A Beautiful Day in the Neighborhood
by Hope Madden
My God, I love Fred Rogers.
I didn’t watch the show as a kid, preferring Under Dog, Scooby Doo and other dog-related animation. But the last time I cried, not from sadness but from gratitude and longing, was during Morgan Neville’s beautiful 2018 documentary, Won’t You Be My Neighbor?
I sobbed. In public.
When news reached the world that Mr. Rogers was due for a biopic, surely each of us realized in our own separate ways that Tom Hanks was A) perfect, and B) going to make us sob all over again.
No way that was just me.
Hanks doesn’t love Fred Rogers as much as he entirely accepts him, and that’s the magic of this performance. While the rest of us may look on Rogers and his deep, genuine and implausible goodness with suspicion or awe, it’s nearly impossible to accept him as one of us. Hanks does. He doesn’t plumb for human frailty, he takes Fred Rogers on Fred Rogers’s terms, and that’s why Tom Hanks has two Oscars already. His performance here is unerring, eerily so.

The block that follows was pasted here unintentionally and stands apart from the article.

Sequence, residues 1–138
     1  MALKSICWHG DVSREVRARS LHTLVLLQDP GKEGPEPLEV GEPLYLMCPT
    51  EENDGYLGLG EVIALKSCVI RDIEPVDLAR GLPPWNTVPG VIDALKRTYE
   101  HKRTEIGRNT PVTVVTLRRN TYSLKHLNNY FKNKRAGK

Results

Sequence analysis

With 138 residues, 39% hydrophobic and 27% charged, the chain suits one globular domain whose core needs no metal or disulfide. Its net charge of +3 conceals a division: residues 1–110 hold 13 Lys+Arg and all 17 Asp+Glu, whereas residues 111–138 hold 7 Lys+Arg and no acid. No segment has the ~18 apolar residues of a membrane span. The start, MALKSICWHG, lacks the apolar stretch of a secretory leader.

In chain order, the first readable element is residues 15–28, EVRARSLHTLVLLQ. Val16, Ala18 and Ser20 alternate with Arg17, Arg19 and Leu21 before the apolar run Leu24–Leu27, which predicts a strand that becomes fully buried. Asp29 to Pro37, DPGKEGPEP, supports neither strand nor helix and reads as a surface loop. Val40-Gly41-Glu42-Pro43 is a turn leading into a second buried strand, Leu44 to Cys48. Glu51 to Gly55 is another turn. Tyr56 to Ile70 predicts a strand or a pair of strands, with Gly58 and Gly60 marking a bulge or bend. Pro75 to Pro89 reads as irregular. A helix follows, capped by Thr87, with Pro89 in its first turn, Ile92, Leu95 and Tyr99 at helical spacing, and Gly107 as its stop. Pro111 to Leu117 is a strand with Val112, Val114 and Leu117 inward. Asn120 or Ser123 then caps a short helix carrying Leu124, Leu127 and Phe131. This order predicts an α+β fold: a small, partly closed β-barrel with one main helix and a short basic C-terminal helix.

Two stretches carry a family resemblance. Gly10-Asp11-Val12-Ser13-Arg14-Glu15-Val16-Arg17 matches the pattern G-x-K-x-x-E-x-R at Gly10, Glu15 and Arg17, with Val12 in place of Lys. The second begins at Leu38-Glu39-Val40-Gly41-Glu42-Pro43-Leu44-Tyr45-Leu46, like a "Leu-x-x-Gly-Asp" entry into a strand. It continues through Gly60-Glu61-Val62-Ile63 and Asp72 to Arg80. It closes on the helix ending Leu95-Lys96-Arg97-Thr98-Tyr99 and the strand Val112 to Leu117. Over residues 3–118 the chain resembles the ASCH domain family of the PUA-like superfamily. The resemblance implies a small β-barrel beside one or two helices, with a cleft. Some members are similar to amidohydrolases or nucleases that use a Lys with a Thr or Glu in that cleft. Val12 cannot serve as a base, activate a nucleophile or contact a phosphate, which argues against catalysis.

Truth be told, though, A Beautiful Day in the Neighborhood is not really Fred’s story. Rather, Mr. Rogers is the transformative catalyst for cynical NY magazine writer Lloyd Vogel. Vogel is played by Matthew Rhys and loosely based on real-life journalist Tom Junod, whose Esquire article is the inspiration for the film.
Director Marielle Heller (Can You Ever Forgive Me?) structures the film much like an episode from Mr. Rogers Neighborhood, and that almost-surreal-but-not quality serves to underscore the absurdity of the situation as Lloyd sees it: Who is this guy? Is this really what he’s like?
That healthy skepticism and Rogers’s ability to break it down creates the thrust of the film, but it’s also a window for the audience to question, accept and then celebrate this lovely man.
With two films in two years, the late children’s programming icon is having quite a moment. It’s hard to be sad about that.